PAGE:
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Boston Children's has launched the world's 1st program dedicated to offering hand transplants to children who qualify.
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To make a broken tibia/fibula diagnosis, your child’s doctor will physically examine the injured area to check for swelling and tenderness. Imaging tests take pictures of the fracture and can reveal damage to muscles or blood vessels.
An x-ray of the lower leg is the main diagnostic tool for a tibia/fibula fracture. It is a painless test that uses small amounts of radiation to produce images of the child’s bones (including the tibia and fibula) and soft tissue.
After the doctor puts the pieces of the broken bone in the right position, an x-ray of the tibia/fibula can also help determine whether the bones are in proper alignment and whether they are healing correctly.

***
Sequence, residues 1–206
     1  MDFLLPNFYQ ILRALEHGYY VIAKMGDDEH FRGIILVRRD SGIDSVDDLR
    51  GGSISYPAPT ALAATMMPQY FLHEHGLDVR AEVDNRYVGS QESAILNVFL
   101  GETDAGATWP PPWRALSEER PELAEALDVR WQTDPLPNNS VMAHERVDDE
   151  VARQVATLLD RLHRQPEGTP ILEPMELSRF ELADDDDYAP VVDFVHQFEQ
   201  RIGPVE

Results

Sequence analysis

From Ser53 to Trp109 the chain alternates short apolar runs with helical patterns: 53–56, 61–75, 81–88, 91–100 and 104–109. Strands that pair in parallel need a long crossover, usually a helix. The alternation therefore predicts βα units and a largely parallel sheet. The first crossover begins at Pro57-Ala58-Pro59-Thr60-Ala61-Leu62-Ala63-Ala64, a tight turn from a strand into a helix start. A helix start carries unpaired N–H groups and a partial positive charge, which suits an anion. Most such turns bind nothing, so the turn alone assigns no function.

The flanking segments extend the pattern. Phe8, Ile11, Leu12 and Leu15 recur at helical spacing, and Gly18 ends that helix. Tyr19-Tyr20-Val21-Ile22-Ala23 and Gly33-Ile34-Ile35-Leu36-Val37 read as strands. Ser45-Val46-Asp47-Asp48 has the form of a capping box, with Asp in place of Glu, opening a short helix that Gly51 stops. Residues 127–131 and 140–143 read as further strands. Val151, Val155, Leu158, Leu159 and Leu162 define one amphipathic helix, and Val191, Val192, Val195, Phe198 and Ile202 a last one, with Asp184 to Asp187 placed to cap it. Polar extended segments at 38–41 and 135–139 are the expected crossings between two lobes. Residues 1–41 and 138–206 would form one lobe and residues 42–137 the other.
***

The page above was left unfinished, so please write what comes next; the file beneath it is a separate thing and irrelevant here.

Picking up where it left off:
Other diagnostic tools include:
• Magnetic resonance imaging (MRI): a diagnostic procedure that uses a combination of large magnets,
radiofrequencies and a computer to produce detailed images of organs and structures within the body.
• Computed tomography scan (CT, CAT scan): a diagnostic imaging procedure that uses a combination of x-rays
and computer technology to produce cross-sectional images (often called slices), both horizontally and vertically,
of the body.
• Bone scan: a noninvasive imaging technique that uses a radioactive substance to visualize the bones. The image
is different from a plain x-ray or CT in that it shows bone metabolism and cell activity in the bones. It is also useful
for detecting stress fractures and toddler’s fractures, which can be hard to see on an x-ray.
We are grateful to have been ranked #1 on U.S. News & World Report's list of the best children's hospitals in the nation for the third year in a row, an honor we could not have achieved without the patients and families who inspire us to do our very best for them. Thanks to you, Boston Children's is a place where we can write the greatest children's stories ever told.”